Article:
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North Hills Monthly

Job Shadowing Shines a Light on Careers in Medicine

Jul 30, 2015 01:32PM ● By Jennifer Monahan
While students with visions of Grey’s Anatomy dancing in their heads may be surprised when they do not encounter ‘McDreamy’ performing hallway tracheotomies, job shadowing programs at a number of area hospitals offer young people an opportunity to experience what real-life work in the medical professions has to offer before embarking on this career path.

In the North Hills, Butler Health Systems (BHS), UPMC Passavant, and Ohio Valley Hospital (OVH) each have dynamic job shadow programs. BHS is the largest, with 500 to 600 students participating in job shadow experiences annually. Robin Korneff, who oversees the program, explained that the hospital requires participants to be at least second-semester juniors in high school, and has a mix of high school students as well as college undergraduates in their first or second year. This student profile is typical of similar programs in the area, according to Sarah Stewart of OVH and Diane Kolling of UPMC Passavant. OVH hosts 20 to 30 students each year, and UPMC Passavant welcomes about 165 students annually on its McCandless and Cranberry campuses.

Korneff said that the BHS program has grown substantially in recent years, and attributes that growth to the fact that the medical field is relatively stable compared to many industries. In addition to students, Korneff explained, “We also see people who have jobs in a different field, but may not love what they are doing. They come to us asking for a job shadow experience because they are considering a new direction.”

Stewart touts the advantages of job shadowing. “It’s a great way for students to find out more about their field of interest,” she explained. “Often they are expecting a hospital to be like Grey’s Anatomy, but the reality is that it’s usually much calmer. There are a lot of protocols that everyone follows in a real-life hospital. Students sometimes tell me they were expecting to see people having emergency surgery in the hallway like on TV.”

“The program is beneficial because before a student invests a lot of time and money into a college program, they get a chance to see what they do or do not like,” said Kolling. “It’s a lot easier to find out ahead of time that a particular field is a bad fit.”

Kolling added that the program helps students see that in addition to doctors and nurses, there are many other career options where they can help people. “We try to help students figure out, ‘What job is going to match my personality and be a good fit for me?’” she explained.

Megan Crum just finished her first year in Lock Haven University’s five-year physician’s assistant program, and she credits job shadowing with helping her determine that this was the right career path. Crum explained, “I have always liked science. Doing these job shadow programs, I was able to see if working in the medical field was actually a good fit for me.”

In addition to a job shadow experience with a dermatologist, Crum followed a nurse at Butler Memorial Hospital for one day and was a weekly volunteer at UPMC St. Margaret Hospital. Particularly memorable, Crum said, was a tour of the operating facility with the nurse. “Although I couldn’t go into the actual room for legal reasons, I was able to see an open-heart surgery and a knee surgery and then go with her to talk to these same patients a few hours later,” said Crum. “That was an amazing experience, and because of it I’m leaning more toward working in surgery.”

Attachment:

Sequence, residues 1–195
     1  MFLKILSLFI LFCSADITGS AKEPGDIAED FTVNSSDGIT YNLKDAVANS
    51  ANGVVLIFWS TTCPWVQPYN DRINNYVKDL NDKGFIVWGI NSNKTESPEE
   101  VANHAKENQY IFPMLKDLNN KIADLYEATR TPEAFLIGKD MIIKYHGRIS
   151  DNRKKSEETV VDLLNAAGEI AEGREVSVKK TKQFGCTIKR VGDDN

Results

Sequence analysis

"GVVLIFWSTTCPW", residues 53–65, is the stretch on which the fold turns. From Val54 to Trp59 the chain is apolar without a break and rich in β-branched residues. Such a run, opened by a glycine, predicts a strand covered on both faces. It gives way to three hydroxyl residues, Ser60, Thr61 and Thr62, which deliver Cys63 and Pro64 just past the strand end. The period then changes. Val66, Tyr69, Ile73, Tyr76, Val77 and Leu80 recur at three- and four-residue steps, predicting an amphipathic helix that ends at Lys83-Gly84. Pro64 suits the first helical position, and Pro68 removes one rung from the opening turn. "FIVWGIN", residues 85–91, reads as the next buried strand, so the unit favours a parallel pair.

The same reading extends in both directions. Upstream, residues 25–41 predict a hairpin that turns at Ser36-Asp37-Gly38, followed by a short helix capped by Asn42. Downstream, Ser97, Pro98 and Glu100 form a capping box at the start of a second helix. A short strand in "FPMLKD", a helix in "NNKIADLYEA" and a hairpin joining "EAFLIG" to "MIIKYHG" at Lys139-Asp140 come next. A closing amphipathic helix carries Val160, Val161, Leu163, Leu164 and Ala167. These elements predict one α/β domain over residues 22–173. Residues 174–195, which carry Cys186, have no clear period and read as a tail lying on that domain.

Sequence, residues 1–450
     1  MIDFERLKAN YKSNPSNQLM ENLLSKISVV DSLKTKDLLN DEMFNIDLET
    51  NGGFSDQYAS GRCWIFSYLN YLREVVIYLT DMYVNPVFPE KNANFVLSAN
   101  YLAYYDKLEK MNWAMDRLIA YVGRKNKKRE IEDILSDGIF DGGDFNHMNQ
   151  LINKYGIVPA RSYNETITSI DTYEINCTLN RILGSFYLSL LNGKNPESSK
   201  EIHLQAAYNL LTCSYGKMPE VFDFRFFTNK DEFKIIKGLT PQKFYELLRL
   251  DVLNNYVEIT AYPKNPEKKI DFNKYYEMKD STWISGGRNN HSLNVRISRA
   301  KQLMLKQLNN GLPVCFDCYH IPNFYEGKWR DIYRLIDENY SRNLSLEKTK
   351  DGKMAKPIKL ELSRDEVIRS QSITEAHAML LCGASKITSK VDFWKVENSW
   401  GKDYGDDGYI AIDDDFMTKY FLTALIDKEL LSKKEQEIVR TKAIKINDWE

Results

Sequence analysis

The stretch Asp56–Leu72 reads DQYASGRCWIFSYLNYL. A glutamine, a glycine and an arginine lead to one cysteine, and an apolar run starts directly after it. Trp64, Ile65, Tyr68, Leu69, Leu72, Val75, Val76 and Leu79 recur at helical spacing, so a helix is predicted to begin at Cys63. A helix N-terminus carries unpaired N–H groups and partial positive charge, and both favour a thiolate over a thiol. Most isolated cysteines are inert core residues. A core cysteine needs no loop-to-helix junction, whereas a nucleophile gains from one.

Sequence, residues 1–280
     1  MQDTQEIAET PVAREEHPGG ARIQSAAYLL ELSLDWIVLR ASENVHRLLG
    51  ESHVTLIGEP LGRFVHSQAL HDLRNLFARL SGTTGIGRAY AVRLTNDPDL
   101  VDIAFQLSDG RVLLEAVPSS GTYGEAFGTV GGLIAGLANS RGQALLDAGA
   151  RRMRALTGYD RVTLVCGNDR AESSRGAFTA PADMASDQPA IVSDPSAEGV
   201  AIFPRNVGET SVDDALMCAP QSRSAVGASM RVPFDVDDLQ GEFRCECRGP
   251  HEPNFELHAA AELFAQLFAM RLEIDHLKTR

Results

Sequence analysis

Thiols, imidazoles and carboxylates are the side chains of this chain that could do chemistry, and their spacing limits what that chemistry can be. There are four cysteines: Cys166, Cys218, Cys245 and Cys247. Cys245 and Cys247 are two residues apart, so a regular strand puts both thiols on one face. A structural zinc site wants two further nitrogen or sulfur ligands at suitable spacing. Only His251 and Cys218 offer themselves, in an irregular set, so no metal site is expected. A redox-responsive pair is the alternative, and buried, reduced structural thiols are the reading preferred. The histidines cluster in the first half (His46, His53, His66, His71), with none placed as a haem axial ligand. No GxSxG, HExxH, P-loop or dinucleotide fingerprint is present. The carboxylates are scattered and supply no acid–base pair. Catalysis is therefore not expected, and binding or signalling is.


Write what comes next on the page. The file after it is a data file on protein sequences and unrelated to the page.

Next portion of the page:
Crum added, “I would encourage people to do it because you might be interested in a career in medicine but until you spend a day in a hospital or doctor’s office, you don’t really know what it will be like.”

Jaclyn Hein, a rising senior at North Hills High School, participated in an extended shadowing program through the Allegheny Intermediate Unit and UPMC. As someone with a keen interest in science and math, Hein said she is focused on a career in the medical field, but is not sure exactly what she wants to do. “I did four separate days, which is unusual, in respiratory care, cardiology, the cancer center, and the gastrointestinal (GI) lab,” she noted. “I got to talk to lab technicians while I was there, and they were enthusiastic about explaining what they do.”

All of the program administrators agree they want students’ experiences to be positive. “The people who have a student shadow them tend to be people who like their jobs and are good at what they do,” said Kolling. “They are good teachers and are able to explain what they’re doing.”

The job shadow experience can range from four hours to a full day of work, and the application process is similar across hospitals. Participants typically fill out a short application form and complete a brief training about patient confidentiality and the HIPAA privacy law.

“The program is important because we have a responsibility to help educate the next generation of health care workers,” Kolling said. “It benefits us all if we can help the right people get into the right places within the health care profession.”

Korneff agreed. “The people who have really good experiences will hopefully be our future employees.”

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